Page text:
Thursday, October 30, 2008 11:35 PM
Enforcing Your Domain Model With Spec#: Part 1: Introduction And The Non-Null Operator
I'm a huge fan of Domain Driven Design (DDD) (links here, here and here) and this post is the first in many, all about enforcing your domain model using Spec#.
So What Is Spec#?
Spec# is a super set of C# 2.0 (no, unfortunately not 3.0 yet). This means that Spec# has all the features as C#, and all the Spec# stuff on top of that.
Spec# is about specifying, and because the guys at Microsoft probably explains it better than I do, I have
stolen copied this from the Spec# web site:
- The Spec# programming language. Spec# is an extension of the object-oriented language C#. It extends the type system to include non-null types and checked exceptions. It provides method contracts in the form of pre- and postconditions as well as object invariants.
- The Spec# compiler. Integrated into the Microsoft Visual Studio development environment for the .NET platform, the compiler statically enforces non-null types, emits run-time checks for method contracts and invariants, and records the contracts as metadata for consumption by downstream tools.
- The Spec# static program verifier. This component (codenamed Boogie) generates logical verification conditions from a Spec# program. Internally, it uses an automatic theorem prover that analyzes the verification conditions to prove the correctness of the program or find errors in it.
This first post explains the non-null operator, so let's get to it.
The Non-Null Operator
The non-null operator is probably the most simple operator in Spec#, yet I find it very effecient to express e.g. value objects or aggregates in the domain.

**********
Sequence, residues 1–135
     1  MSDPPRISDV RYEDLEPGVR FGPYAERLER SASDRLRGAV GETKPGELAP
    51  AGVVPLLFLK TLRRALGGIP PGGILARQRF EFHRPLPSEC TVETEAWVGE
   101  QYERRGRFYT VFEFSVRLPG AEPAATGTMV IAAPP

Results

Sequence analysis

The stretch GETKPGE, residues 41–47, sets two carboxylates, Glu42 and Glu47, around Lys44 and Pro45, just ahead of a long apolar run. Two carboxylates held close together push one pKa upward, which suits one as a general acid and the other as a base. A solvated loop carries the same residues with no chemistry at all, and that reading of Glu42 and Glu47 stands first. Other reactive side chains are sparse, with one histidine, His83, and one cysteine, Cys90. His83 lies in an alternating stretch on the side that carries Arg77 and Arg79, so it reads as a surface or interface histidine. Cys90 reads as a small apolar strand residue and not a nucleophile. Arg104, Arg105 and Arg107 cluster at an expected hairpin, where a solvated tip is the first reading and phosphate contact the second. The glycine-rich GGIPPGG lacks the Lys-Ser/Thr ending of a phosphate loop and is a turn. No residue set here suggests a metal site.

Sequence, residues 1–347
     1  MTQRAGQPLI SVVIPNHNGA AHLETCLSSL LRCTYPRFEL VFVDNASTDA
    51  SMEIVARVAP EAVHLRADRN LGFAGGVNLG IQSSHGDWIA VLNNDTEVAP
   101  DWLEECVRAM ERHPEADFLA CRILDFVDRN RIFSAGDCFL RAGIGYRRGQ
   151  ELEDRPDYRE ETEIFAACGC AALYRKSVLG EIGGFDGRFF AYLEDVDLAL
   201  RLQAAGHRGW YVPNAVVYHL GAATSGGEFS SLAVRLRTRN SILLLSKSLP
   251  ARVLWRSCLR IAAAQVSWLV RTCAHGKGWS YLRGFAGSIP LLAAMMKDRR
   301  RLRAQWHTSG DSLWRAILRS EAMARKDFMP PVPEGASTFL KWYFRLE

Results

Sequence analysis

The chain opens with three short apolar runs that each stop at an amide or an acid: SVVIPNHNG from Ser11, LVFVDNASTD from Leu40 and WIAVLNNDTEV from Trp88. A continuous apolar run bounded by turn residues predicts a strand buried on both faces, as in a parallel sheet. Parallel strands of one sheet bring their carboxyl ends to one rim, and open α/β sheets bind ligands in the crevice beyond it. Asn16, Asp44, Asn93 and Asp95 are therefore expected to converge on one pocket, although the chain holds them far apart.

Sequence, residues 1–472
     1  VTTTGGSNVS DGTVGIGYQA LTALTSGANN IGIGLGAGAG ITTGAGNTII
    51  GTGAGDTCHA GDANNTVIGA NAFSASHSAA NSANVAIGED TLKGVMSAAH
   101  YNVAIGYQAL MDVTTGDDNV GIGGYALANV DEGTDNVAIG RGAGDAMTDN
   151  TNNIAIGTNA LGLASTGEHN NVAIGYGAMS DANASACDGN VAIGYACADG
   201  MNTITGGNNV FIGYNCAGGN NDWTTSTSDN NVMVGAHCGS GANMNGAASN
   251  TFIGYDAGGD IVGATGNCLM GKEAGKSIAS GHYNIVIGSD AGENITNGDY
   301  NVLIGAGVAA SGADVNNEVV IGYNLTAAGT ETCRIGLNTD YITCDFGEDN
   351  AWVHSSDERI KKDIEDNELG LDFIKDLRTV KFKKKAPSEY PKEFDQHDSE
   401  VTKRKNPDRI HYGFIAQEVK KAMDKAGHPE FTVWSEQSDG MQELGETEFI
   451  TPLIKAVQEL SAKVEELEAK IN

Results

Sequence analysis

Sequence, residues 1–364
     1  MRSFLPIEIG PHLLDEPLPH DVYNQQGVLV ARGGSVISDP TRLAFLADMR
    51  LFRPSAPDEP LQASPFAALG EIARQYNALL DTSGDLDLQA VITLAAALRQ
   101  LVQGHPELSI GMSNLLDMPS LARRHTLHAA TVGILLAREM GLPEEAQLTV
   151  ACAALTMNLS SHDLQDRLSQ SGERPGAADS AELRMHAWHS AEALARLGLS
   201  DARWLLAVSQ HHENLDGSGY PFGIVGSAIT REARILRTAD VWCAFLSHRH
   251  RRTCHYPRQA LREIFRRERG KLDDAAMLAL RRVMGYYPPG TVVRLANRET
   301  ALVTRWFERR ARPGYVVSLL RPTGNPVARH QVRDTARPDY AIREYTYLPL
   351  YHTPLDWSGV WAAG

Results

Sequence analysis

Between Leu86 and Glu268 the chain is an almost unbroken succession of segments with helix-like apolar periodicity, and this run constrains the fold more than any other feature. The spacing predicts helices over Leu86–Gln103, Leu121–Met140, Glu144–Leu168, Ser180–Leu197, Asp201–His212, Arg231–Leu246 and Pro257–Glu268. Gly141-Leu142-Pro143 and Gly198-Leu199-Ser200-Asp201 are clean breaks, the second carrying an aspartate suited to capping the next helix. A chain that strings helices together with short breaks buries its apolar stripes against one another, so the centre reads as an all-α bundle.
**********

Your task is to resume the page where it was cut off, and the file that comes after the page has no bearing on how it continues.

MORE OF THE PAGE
The non-null operator is in a way the opposite as the nullable operator in C#, which allows value types to be nullable. The non-null operator allows you to specify reference types as being non-nullable by using an exclamation mark (!).
The C# way:
1: public string Foo(object o)
3: return o.ToString(); // NullReferenceException
6: public void Bar()
8: object o = null;
9: string str = Foo(o);
The Spec# way:
1: public string Foo(object! o)
3: return o.ToString();
6: public void BadBar()
8: object o = null;
9: string str = Foo(o); // Spec# warning
12: public void GoodBar()
14: object o = null;
16: if (o != null) // We're ok
If o was initialized to something else than null in GoodBar() the Spec# compiler would be happy too.
In a domain example an implementation could be something like this:
1: public class OrderLineItem
5: // We're making the product property non-nullable as an order line item without a product
6: // does not make much sense, it would just be a quantity of nothing.
7: public IProduct! Product
9: get; private set;
12: public int Quantity
14: get; set;
20: public class PurchaseOrder
24: public OrderLineItem AddProduct(IProduct! product, int quantity)
26: // Add product - no need to check for null
32: public class Cart
34: public void Add(IProduct product)
36: if (product != null)
37: PurchaseOrder.AddProduct(product, 1);
39: // Handle null product
In the example above, the caller of PurchaseOrder.AddProduct is forced to check for null before calling the method. This really encapsulates clean business logic in the PurchaseOrder and OrderLineItem classes. In C# you would create a guard clause at the top of the AddProduct method, but in order for a developer to know about this, he has to read the implementation of the method. By using Spec# the developer is made aware of this when calling the method.
Please feel free the leave a comment or contact me of you have any questions or comments!
Part 2 is all about preconditions... Coming up!
Filed under: .NET, Spec#, Domain Driven Design